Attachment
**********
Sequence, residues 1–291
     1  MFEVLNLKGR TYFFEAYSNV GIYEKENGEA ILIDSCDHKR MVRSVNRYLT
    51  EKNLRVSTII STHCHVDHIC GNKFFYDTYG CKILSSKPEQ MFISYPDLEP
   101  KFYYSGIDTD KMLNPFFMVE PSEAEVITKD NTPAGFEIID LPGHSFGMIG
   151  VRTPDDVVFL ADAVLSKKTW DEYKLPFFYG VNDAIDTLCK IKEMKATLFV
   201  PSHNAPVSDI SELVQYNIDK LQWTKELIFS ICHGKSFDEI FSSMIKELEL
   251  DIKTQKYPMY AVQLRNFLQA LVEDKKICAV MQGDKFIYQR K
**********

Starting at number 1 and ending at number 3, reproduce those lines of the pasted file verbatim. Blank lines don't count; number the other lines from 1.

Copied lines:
Sequence, residues 1–291
     1  MFEVLNLKGR TYFFEAYSNV GIYEKENGEA ILIDSCDHKR MVRSVNRYLT
    51  EKNLRVSTII STHCHVDHIC GNKFFYDTYG CKILSSKPEQ MFISYPDLEP